The second stage is the HEPA filter which captures up to 99.97% of particulates in the air, removing smoke, dust, mold, pollen, and pet dander. The final stage is the PlasmaWave technology, which is a form of ionization, producing both negative and positive ions to neutralize viruses, bacteria, and odors.
This air purifier also has a number of useful features, including a filter change light to notify when it’s time to put in a new one, and a nifty sleep mode where the machine switches to the lowest and quietest speed when the room goes dark. Though this air purifier is not the least expensive, it is still on the lower end in terms of price, making it a genuinely great deal to clear the air.Pros
- Good price
- Good room coverage
- Excellent filtration
- Struggles with serious odors
- Only one-year warranty
GermGuardian AC4825 3-in-1 Air PurifierPrice: $160
Our next air purifier is the GermGuardian AC4825 3-in-1 Air Purifier, manufactured by Guardian Technologies. Guardian is well-known for manufacturing several small appliances for home environments, like humidifiers and sanitizers. As you probably gathered from the name, this air purifier has three steps. The first is the normal pre-filter activated charcoal (or carbon), which captures larger particulates like pet hair as well as odors. Unlike some air purifiers, the GermGuardian actually works on odors.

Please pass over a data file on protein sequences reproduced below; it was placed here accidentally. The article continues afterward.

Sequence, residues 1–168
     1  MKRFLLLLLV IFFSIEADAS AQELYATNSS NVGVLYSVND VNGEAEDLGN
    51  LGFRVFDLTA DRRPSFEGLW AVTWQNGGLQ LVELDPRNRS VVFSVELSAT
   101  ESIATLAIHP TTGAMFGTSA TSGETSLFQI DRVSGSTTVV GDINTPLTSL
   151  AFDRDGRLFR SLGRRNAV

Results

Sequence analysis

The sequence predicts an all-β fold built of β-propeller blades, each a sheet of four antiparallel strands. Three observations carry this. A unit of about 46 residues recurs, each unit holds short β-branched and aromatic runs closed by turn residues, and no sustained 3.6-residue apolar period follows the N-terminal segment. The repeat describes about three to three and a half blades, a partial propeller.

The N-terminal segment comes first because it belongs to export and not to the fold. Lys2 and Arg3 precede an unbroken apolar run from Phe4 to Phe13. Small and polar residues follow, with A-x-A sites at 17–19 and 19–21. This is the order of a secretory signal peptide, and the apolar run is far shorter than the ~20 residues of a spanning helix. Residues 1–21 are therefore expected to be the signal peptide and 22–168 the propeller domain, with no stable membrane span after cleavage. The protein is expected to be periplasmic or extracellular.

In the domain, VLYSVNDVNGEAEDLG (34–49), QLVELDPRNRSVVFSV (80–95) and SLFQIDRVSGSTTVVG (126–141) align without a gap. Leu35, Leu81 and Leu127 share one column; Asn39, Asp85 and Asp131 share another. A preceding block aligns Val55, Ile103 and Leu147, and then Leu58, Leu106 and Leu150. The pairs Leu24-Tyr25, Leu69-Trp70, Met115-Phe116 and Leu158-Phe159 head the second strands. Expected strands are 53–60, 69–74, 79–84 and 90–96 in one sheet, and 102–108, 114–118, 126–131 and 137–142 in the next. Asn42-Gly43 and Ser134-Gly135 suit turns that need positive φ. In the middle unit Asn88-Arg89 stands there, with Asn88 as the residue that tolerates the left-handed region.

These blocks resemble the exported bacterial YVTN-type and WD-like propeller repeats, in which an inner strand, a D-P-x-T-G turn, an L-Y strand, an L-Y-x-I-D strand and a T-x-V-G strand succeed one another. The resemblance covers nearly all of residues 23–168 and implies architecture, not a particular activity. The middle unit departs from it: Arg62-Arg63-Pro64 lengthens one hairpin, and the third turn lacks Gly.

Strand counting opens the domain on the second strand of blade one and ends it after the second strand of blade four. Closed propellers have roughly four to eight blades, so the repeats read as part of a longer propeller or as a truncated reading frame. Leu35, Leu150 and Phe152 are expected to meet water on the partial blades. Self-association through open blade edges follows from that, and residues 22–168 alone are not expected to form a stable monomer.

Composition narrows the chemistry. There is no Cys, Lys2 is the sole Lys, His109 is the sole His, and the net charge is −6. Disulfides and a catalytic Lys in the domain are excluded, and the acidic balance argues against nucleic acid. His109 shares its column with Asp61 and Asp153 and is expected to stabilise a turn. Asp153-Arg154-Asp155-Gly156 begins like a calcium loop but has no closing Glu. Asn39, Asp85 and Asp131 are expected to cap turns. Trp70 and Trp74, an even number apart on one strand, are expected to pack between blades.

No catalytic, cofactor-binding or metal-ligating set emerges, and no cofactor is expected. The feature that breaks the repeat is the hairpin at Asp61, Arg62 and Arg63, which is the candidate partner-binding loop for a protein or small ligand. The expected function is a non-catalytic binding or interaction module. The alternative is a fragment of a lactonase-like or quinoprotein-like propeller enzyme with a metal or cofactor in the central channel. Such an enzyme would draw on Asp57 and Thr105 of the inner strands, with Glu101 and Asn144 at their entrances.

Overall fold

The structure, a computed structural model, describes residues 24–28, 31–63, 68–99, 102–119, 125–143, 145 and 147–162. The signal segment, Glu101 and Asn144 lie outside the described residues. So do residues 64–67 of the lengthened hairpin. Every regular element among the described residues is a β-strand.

What is even better is that this pre-filter can be replaced at a much lower cost than the HEPA filter. Speaking of HEPA, it is the second step in the process, and can capture up to 99.97% of all particles down to 0.3 microns. A filter light lets you know when to replace it.
The final step is a UV-C light, which kills germs, bacteria, and viruses. The GermGuardian is capable of covering up to 155 square feet, which is a decent sized room, but you may want a different air purifier for larger spaces.Pros
- Excellent price